Map out everyone who is involved in the process: Their job titles, decision-making role, priorities, and how you can get access to them (asking your champion to set up a meeting, reaching out to them directly. etc.) The more contacts you have, the more control you’ll manipulate – and the less chance this opportunity will slip through your fingers.
3.Determine the importance of the problem
Figure out how important this problem is to the prospect. While you’re asking your prospect the questions we recommended earlier, ask yourself the following questions: Are they highly motivated to solve it? What happens if they don’t? Is there a different initiative they care about more that will compete for their energy, attention, and decision-making capital?
A prospect might say they have a particular need and they may very well mean it, but the team’s priorities – or even executive leadership’s priorities – may be different. This will necessarily cause a wave in the sales process down to the road. Do your best to uncover the needs your prospect, their team, and their leaders have as soon as possible.
4.Prepare a timeline for the sales process
You know the budget, who the decision-makers are, and the need they have for your product. Now it’s time to find out how quickly their organization needs to make a decision.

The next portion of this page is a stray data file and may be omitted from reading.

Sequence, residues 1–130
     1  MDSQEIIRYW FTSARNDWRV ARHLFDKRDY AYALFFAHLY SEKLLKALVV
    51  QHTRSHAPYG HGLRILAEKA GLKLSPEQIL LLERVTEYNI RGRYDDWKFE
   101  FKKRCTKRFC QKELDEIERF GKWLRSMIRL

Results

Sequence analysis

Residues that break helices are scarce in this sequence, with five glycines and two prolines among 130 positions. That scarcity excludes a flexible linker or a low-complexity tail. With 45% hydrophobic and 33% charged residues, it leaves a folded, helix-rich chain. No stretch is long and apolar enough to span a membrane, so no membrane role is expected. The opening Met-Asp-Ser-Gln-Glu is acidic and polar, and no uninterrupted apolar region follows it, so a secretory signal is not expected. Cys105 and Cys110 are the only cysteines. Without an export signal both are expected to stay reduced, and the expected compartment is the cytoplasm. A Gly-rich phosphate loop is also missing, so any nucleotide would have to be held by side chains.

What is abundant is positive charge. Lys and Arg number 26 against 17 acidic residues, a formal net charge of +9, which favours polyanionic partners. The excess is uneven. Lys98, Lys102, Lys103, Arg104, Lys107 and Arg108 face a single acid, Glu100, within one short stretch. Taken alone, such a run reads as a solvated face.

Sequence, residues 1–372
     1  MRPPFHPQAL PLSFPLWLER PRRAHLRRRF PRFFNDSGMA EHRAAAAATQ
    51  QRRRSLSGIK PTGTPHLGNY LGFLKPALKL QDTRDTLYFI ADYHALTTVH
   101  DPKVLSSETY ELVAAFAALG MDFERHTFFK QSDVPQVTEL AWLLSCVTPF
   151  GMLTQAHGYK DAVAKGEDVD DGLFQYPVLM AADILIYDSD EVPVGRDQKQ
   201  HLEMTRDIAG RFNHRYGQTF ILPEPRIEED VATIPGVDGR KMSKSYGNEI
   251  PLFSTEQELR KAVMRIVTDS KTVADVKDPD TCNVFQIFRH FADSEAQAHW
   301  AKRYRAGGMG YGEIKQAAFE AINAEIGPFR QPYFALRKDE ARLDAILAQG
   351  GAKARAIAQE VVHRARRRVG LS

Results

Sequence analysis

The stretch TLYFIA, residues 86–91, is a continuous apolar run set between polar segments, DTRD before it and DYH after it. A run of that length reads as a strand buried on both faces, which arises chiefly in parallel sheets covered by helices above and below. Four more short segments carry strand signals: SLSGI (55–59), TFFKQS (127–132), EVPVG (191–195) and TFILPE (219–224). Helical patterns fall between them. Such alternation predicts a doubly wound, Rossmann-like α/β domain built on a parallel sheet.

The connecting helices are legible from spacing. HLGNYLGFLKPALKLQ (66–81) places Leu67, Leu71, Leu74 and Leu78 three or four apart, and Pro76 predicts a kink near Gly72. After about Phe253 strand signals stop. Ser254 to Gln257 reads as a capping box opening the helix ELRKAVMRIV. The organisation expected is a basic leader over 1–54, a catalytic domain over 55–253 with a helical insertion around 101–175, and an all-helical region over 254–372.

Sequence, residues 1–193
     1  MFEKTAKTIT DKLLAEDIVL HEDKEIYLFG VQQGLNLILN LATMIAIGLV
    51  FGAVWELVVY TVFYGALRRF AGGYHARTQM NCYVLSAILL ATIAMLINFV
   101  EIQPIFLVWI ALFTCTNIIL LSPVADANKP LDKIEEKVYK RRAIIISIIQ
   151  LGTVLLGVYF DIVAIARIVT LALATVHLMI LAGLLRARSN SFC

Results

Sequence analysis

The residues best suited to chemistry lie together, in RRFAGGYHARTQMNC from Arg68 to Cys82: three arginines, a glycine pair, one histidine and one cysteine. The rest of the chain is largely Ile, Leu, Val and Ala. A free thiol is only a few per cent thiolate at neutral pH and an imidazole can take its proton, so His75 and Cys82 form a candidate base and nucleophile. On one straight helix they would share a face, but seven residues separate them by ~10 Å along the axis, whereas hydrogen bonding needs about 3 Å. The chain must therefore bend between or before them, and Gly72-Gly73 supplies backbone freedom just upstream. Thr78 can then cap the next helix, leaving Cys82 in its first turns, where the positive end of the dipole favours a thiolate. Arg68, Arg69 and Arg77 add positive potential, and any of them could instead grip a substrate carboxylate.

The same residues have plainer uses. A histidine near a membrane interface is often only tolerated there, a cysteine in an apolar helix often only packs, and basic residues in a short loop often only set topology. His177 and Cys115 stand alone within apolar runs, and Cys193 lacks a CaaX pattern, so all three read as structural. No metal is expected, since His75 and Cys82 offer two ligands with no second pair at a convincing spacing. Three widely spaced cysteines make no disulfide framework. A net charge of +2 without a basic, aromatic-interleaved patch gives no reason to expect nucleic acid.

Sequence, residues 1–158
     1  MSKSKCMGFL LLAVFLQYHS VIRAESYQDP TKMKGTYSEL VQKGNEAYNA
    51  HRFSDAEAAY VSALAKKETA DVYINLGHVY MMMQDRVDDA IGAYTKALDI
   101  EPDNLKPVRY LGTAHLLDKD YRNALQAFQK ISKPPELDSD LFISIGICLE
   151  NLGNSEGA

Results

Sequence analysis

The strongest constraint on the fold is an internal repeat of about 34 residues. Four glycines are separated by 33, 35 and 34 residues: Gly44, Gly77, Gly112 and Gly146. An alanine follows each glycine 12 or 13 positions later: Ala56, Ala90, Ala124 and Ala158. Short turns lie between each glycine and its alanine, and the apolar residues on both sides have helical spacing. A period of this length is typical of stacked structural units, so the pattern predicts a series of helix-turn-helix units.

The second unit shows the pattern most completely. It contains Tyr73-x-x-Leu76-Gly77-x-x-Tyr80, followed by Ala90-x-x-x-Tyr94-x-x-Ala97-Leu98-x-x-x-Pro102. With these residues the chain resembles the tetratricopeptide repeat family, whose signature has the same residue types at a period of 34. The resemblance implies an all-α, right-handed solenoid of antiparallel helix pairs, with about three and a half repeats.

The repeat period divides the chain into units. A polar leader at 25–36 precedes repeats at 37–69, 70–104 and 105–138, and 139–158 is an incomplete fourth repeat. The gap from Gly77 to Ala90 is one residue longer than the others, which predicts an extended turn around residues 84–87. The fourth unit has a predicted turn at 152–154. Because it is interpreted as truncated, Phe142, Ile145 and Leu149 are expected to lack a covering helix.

Identifying whether you’re looking at months of red tape and approvals or a simple one-pitch-and-a-close type of deal can help you plan your pipeline and prepare for the close contract.
5.Stay informed through multiple channels
While this step doesn’t fall into one particular step of BANT, it’s an important one that will help you stay ahead of any objections, delays, or concerns with your prospect. Follow their social media, sign up for their newsletter, and, for enterprise prospects, attend events they might have that are open to the public.
Keeping a pulse on the deals you have in the pipeline (outside of the times you’re meeting with them) can help you uncover new needs they have that your product can solve. You may also discover additional stakeholders that you’ll be communicating with later in the sales process.
Staying in the loop informally can help you qualify a prospect using the information you gather yourself. This will give you a holistic picture of the prospect so you can determine whether they’ll be a great fit for your product.
6.Use digital tools to track your progress
Using digital tools that keep track of your pipeline and manage relationships will be helpful as you implement BANT into your sales process. As you balance multiple prospects concurrently, you’ll be able to discern exactly where you left off with each one and how far they have to go before the deal is closed.
Hub Spot’s Sales Hub software can help you start conversations, deepen relationships, and manage your pipeline using the BANT framework.
Qualify Your Leads With BANT
BANT has lasted through the ages because it’s effective, memorable, and applicable to a range of products, price points, and sales processes. This framework is best used in conjunction with thoughtful questions that flow naturally in a two-way conversation.
If you’ve never used BANT before, or if you think it’s outdated for today’s sales process, try it out on your next discovery call to see just how much information you uncover.
Want to up your sales game even more? Evolve your BANT strategy to include even more questions you can ask to qualify more leads and close better deals.
Best way to sell something : don’t sell anything. Earn the awareness, respect, and trust of those who might buy.